The world economy is growing at 4 percent, following a decline in real GDP of 7 percent in 2009. This growth reflects overall resilience in the world economy, along with the continued expansion of emerging economies, says IESE Prof. Pedro Videla in this interview. "So the world economy is doing well," he says.
However, about 80 percent of growth in China has been mostly due to recent investments in areas such as infrastructure and real estate, which has boosted a demand for commodities from exporting regions such as Africa and Latin America. Meanwhile, Western Europe remains stagnant, threatening to create a "two-speed" recovery in the overall global economy, he said.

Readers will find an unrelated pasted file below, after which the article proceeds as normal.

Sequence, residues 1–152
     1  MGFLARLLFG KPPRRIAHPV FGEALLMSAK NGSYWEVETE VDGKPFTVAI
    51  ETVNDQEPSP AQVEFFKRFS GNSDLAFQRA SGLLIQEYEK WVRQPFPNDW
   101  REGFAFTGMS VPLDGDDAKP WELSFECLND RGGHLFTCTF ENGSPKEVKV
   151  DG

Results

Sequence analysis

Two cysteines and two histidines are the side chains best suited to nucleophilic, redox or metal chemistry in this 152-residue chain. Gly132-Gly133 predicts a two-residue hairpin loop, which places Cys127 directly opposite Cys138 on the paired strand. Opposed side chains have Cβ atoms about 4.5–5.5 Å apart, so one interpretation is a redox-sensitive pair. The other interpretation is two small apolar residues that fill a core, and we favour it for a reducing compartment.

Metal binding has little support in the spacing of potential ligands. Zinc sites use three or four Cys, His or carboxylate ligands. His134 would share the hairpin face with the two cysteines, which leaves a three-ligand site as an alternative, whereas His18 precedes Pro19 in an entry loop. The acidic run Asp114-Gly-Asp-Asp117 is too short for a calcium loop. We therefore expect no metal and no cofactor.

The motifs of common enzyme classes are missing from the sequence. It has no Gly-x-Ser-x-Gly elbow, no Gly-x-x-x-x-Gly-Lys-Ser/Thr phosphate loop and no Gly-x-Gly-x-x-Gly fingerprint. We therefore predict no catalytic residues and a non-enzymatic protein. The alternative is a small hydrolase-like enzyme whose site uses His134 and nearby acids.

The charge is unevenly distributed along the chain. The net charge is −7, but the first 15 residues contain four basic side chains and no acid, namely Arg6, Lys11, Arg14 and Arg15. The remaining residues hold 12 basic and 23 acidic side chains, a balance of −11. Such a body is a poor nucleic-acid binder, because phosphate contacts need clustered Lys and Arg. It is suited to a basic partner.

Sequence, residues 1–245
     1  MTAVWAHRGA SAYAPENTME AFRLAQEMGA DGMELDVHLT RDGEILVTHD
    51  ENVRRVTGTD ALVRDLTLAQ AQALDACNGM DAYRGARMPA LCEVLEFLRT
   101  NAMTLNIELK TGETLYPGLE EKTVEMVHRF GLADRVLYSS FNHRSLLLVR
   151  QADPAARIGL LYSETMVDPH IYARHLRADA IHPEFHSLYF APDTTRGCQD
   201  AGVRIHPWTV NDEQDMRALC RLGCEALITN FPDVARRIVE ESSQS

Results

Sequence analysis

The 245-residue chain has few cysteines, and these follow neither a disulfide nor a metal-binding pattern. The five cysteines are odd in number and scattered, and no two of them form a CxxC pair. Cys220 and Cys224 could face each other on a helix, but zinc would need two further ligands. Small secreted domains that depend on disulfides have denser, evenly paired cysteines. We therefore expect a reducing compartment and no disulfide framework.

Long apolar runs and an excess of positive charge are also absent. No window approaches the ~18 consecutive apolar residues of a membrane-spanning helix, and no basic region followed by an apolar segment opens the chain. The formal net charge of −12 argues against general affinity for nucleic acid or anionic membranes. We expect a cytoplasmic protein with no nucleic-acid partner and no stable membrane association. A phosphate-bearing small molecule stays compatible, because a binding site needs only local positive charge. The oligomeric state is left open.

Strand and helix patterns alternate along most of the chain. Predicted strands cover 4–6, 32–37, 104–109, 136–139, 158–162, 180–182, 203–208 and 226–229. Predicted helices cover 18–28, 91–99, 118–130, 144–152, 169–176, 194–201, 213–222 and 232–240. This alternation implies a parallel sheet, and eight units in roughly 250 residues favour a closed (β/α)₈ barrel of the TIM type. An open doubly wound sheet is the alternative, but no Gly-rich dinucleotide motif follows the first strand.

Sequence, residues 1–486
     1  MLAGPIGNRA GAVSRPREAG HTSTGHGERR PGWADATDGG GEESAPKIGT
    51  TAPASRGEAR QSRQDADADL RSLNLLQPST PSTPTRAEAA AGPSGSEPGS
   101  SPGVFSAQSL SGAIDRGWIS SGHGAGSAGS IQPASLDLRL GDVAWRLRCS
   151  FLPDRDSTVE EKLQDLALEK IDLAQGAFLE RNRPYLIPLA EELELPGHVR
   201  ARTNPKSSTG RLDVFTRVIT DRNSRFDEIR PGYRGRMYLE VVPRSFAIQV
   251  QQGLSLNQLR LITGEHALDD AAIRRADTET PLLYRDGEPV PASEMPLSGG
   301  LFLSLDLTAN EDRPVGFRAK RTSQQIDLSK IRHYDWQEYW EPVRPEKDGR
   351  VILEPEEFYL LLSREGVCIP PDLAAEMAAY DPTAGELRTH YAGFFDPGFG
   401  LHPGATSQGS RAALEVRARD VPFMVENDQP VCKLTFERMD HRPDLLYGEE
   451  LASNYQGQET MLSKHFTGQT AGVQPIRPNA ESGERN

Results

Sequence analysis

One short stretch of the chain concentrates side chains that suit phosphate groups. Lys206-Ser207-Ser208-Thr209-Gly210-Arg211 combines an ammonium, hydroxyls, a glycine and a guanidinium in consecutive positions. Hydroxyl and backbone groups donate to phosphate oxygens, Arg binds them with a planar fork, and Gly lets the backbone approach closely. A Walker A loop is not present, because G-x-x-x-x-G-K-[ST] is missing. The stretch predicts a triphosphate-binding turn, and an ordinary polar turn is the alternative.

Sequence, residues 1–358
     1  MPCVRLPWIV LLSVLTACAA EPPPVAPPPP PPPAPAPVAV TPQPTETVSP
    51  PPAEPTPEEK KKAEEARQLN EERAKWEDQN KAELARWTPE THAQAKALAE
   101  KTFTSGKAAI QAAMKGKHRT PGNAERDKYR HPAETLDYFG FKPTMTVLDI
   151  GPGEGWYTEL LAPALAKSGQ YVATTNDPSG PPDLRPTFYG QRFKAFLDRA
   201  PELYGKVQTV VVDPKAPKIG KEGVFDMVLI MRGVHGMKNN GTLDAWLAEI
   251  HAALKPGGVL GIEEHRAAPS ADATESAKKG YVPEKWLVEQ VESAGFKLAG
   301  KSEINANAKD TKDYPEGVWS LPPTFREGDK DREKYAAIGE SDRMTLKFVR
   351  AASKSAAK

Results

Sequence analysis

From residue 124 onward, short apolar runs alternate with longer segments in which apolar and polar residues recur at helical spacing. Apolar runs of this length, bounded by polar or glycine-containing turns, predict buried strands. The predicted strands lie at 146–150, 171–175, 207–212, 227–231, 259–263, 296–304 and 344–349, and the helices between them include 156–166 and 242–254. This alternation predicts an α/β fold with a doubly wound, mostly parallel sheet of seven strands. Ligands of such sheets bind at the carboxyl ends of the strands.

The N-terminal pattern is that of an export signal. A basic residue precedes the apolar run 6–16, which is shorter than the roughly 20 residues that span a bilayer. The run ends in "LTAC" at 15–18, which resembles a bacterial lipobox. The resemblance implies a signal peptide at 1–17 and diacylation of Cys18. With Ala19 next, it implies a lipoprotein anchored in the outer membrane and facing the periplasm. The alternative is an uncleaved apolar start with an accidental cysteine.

"Americans are not going to Wal-Mart like they were in the past, so this lack of demand of final product from China from the developed countries is also dragging down the growth of these (emerging) countries," he said. If the U.S. can make strides toward recovery in 2012, the country could regain its position as the key source of growth in the world economy. Subscribe now to IESE Economics Weekly and keep posted on our professors opinions on Economy: http://blog.iese.edu/economics/